Campbell Soup Company ( CPB Quick Quote CPB - Free Report) appears to be in troubled waters. The company is encountering margin pressure from elevated inflation, a rise in supply-chain expenses and some executional headwinds related to the transformation plan (mainly in the Snacks segment). On the sales front, tough comparisons with the year-ago pandemic-led demand spike were a concern in third-quarter fiscal 2021, wherein both top and bottom lines declined year over year and missed the respective Zacks Consensus Estimate. To top it, management slashed its adjusted earnings before interest and taxes (EBIT) and adjusted earnings per share (EPS) guidance. Incidentally, the Zacks Consensus Estimate for fiscal 2021 bottom line has trended downward by 5.2% to $2.91 per share over the past seven days. Also, the Zacks Rank #5 (Strong Sell) stock has tumbled 7.6% since the earnings release on Jun 9. In the past three months, shares of the company have declined 6.6% against the industry’s growth of 5.3%. Image Source: Zacks Investment Research The Roadblocks in Detail
During the third quarter, adjusted earnings from continuing operations tumbled 31% year over year to 57 cents per share, which fell short of the Zacks Consensus Estimate of 66 cents. The downside was a result of reduced adjusted EBIT. Net sales of $1,984 million decreased 11% year on year and missed the Zacks Consensus Estimate of $2,001.3 million. Further, organic sales declined 12%, as the company lapped the year-ago period’s unexpected food demand surge stemming from the elevated at-home consumption at the beginning of the pandemic. Third-quarter sales were largely hurt by tough comparisons with the year-ago period, which benefited from the initial demand spike due to the pandemic-led at-home consumption. Apart from these, quarterly results were affected by the increasing inflationary landscape.
We note that the company has been struggling with cost inflation for a while. During the third quarter of fiscal 2021, adjusted gross margin contracted 290 basis points to 31.8%. The downside was caused by cost inflation (especially freight rate), other supply-chain expenses, adverse mix and reduced operating leverage. The gross margin bore the brunt of an increasing inflationary landscape, the transition to a post-pandemic operating environment, short-term rise in supply-chain expenses and some executional headwinds related to the transformation plan (mainly in the Snacks segment). Adjusted EBIT declined 27% to reach $283 million, mainly on account of lower sales volumes and reduced adjusted gross margin, somewhat made up by a decline in marketing and selling costs. Also, the company expects to encounter continued margin pressure in the fourth quarter due to transitioning out from the pandemic-led landscape as well as stronger inflation. Based on its third-quarter results and impacts from the divestiture of the Plum baby food and snacks business (on May 3), management revised its guidance for fiscal 2021. Moreover, management highlighted that fiscal 2020 included an additional week, which was estimated to contribute 2 percentage points to net sales and about 4 cents to the bottom line. For fiscal 2021, the company now expects net sales to decline in a band of 3-3.5% compared with a 2.5-3.5% decrease expected earlier. Organic net sales are anticipated to fall 0.7-1.2% now, in comparison with a 0.5-1.5% decline projected before. Adjusted EBIT is now envisioned to decline 4-5% in fiscal 2021. Earlier, adjusted EBIT growth was forecasted in the range of a 1% decline to a 1% increase. Adjusted EPS is envisioned in the range of $2.90-$2.93 now, indicating a 1-2% dip from the figure reported in the year-ago period. Prior to this, the bottom line was anticipated to be $3.03-$3.11 per share, indicating growth of 3-5% from adjusted EPS of $2.95 reported in the prior year. Wrapping Up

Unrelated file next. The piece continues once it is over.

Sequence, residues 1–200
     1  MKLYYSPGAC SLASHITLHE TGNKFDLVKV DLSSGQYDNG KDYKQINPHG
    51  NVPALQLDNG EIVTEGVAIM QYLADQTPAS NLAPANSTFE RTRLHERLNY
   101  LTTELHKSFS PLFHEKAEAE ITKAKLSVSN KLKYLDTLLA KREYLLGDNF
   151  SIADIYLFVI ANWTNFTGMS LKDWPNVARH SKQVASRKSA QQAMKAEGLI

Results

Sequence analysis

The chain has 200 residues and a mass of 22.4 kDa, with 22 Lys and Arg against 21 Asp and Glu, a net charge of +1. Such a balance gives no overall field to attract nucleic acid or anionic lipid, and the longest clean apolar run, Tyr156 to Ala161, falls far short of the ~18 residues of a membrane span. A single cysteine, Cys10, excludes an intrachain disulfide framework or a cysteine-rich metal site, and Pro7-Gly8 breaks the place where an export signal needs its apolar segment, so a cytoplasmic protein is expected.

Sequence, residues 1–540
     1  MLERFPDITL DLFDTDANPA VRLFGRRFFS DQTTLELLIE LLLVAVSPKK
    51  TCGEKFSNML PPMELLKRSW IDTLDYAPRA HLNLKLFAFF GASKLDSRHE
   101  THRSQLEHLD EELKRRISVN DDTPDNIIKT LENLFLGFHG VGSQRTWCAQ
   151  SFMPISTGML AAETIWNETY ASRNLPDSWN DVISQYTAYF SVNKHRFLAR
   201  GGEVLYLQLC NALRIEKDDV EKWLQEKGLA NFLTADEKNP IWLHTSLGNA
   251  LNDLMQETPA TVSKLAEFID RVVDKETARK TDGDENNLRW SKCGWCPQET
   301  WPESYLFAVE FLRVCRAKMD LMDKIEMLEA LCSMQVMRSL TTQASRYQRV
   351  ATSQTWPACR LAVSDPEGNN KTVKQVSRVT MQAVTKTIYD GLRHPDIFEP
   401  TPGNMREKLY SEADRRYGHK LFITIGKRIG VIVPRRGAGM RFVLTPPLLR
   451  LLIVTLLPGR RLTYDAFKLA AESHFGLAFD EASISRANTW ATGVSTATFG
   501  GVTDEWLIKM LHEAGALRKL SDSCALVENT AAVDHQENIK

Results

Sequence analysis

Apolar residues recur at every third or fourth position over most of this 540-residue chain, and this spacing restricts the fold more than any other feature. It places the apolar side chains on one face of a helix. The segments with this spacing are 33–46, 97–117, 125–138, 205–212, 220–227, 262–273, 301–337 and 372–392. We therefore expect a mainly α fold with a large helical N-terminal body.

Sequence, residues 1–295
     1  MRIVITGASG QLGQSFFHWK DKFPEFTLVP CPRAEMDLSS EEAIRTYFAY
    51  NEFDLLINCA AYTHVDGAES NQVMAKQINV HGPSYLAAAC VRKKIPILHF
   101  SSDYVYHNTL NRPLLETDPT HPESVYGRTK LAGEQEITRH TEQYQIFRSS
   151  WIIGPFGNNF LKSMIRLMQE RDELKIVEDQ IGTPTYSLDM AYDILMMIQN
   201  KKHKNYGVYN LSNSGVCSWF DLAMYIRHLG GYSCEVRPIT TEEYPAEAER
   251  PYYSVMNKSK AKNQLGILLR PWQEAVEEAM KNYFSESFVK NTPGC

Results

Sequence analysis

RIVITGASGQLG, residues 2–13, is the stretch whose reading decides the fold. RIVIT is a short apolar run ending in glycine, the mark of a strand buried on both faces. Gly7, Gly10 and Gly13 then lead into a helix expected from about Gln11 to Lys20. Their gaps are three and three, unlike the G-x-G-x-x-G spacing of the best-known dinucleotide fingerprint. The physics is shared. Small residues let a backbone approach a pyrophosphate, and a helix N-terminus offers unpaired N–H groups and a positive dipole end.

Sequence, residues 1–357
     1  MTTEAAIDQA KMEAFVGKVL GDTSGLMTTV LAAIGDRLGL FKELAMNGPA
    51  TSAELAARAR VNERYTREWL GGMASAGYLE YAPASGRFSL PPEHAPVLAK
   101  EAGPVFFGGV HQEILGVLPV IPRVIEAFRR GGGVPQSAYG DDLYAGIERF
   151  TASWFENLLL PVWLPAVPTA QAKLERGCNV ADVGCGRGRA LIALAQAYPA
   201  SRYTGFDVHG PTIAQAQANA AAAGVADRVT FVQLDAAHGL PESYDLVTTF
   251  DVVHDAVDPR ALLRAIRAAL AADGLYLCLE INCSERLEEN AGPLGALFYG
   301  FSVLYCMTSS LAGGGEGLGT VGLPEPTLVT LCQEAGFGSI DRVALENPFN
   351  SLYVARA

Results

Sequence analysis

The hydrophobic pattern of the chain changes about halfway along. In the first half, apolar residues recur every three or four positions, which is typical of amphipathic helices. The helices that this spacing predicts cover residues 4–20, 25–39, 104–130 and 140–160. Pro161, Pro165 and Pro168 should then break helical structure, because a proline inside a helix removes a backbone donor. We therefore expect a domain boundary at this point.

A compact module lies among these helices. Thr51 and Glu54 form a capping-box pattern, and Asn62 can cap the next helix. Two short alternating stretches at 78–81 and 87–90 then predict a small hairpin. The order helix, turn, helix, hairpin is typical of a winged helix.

Campbell Soup has been progressing well with its cost-saving plan. Management anticipates annualized savings of $850 million by fiscal 2022-end. Also, on its third-quarter fiscal 2021 earnings call, management stated that it is undertaking necessary actions, which include taking pricing initiatives, to tide over the inflated cost hurdles. However, gains from pricing actions are expected to contribute in fiscal 2022. That said, we cannot ignore the near-term hurdles.
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